It is my distinct honor and privilege on behalf of my wife Debbie and myself to welcome all of you – my fellow Muslims, elected officials, and other guests – to this Ramadan Iftar to celebrate the civic activities of the Muslim community here in Montgomery County and around the world. I want to extend best wishes to all Muslims a joyful Ramadan Kareem.
I want to share a few thoughts with you regarding the civic activities of our Muslim community members. Before doing so, however, let me say something about Ramadan – this holy month – and what it means to us as Muslims.
Ramadan is a month of fasting devoted to remembering the revelation of the Quran to Prophet Muhammad. Ramadan is frequently referred to as the “best of times”. That’s not because we Muslims enjoy fasting but because of the central importance of the Quran to our religion.
Ramadan is a month of deeply spiritual time of reflection and recommitment and a special time for giving. This is our chance not only be grateful for all the blessings we have been allotted, but an opportunity to give to those who are poor, who are Hungary, who are less fortunate and who have no means to break the fast.
During the entire month of Ramadan, we engage in fasting from sunrise to sunset to renew our faith and to redirect our thoughts from focusing only on daily activities in order to reflect upon and do things to benefit society and most importantly to help others who are in need. We break the fast in the evening with a meal called the Iftar.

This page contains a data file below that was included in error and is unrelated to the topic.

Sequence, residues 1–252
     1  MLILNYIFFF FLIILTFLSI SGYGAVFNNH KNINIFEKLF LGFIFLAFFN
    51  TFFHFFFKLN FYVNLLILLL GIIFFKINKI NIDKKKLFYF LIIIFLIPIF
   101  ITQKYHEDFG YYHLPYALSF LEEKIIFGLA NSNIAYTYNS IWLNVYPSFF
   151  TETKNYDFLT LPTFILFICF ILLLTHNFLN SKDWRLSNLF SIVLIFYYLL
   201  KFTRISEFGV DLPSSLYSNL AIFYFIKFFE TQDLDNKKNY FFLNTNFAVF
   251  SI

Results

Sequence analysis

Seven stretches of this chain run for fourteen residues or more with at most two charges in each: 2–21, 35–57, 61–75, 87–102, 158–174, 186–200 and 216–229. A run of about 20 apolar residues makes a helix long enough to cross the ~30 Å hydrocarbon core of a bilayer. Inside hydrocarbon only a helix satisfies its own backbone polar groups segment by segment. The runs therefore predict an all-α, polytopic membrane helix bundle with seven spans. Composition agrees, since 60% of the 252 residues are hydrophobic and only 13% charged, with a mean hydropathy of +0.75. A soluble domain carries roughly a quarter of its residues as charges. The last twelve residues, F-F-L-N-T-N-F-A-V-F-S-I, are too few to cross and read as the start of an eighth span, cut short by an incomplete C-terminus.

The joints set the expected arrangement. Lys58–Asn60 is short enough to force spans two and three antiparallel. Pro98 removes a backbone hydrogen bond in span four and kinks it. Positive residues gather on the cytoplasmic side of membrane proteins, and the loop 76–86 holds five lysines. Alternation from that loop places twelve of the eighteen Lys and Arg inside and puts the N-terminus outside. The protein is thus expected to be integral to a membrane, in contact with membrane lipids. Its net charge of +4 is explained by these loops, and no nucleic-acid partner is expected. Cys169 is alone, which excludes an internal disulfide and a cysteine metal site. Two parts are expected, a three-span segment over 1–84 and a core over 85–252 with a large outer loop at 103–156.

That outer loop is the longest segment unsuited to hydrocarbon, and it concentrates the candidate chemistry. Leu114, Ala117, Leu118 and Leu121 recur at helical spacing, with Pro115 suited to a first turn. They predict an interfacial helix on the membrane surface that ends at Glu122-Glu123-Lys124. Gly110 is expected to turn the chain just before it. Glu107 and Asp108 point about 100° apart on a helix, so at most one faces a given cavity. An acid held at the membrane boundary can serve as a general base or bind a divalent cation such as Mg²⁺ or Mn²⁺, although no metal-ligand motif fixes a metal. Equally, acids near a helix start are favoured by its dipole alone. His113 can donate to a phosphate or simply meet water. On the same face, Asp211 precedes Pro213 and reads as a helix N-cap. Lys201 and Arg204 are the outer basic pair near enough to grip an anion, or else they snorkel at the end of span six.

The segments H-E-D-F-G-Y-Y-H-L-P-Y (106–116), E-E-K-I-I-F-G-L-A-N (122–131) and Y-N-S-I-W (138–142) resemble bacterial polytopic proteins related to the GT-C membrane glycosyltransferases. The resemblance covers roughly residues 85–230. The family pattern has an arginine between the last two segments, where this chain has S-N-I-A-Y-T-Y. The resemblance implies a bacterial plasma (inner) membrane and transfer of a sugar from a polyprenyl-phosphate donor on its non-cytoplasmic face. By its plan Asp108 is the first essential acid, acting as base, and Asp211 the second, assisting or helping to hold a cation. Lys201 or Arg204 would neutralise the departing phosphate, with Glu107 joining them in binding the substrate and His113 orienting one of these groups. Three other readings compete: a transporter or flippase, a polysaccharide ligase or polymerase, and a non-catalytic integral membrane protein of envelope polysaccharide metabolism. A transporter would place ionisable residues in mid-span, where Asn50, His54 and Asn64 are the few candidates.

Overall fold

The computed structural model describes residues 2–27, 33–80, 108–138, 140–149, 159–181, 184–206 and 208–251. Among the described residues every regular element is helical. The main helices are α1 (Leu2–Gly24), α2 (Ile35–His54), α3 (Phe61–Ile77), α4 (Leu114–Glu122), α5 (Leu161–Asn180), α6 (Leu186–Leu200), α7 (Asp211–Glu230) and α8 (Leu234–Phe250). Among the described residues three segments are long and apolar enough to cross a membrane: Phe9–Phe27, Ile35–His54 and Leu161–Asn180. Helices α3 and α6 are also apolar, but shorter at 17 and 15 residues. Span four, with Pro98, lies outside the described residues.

Tonight we become together as members and friends of the Muslim Community for that Iftar. Not so long ago in the United States, the participants in Iftars were only Muslims.
That is not so true today. In 1996, when Bill Clinton was President, Hillary Clinton hosted an Iftar dinner at the Old Executive Office Building. President Clinton held Iftar dinners at the White House, as have President Bush and President Obama after that. So, even though we are not at the White House, I guess you could say we are dining in good company.
And, we are – because we have so many of you leaders here tonight to celebrate and recognize the civic engagement of our Muslim Community members in this great county.
In my opinion, civic engagement takes five primary forms:
- Individual – being the best one can be and personally responsible for one’s actions
- Organizational – contributing to the success of the groups (e.g., business, religion, associations) to which one belongs
- Political – participating in those processes that shape the structure and nature of government
- Community – collaborating to make the locale and the world in which we live a better place
- Social – advocating for justice and equality of treatment and opportunity for all
The members of our Muslim community here are heavily engaged and involved in activities in each of these areas. I will not name names because I am certain that I would miss someone or some cause that I shouldn’t.
What I will say is that we Muslims are fortunate to be residing in a place with a populous as diverse. And, this country is fortunate to have the members of our community not only working here as doctors, lawyers, business people, teachers – you name it – but also giving back and doing things to make this Country a better place for all regardless of their color, creed, background , belief or economic circumstance.
We Muslims should use this Ramadan period to renew our commitment and increase our involvement in civic activities.
It’s time to break the fast. It’s time to break bread together. It’s time for our Iftar dinner. Enjoy! Thank you again for joining us this evening.
May God’s peace be upon you?